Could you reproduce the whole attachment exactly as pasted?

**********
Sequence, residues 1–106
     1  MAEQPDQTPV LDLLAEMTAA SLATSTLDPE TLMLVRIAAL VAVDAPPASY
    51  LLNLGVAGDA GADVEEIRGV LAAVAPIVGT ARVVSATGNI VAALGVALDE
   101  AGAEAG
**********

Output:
Sequence, residues 1–106
     1  MAEQPDQTPV LDLLAEMTAA SLATSTLDPE TLMLVRIAAL VAVDAPPASY
    51  LLNLGVAGDA GADVEEIRGV LAAVAPIVGT ARVVSATGNI VAALGVALDE
   101  AGAEAG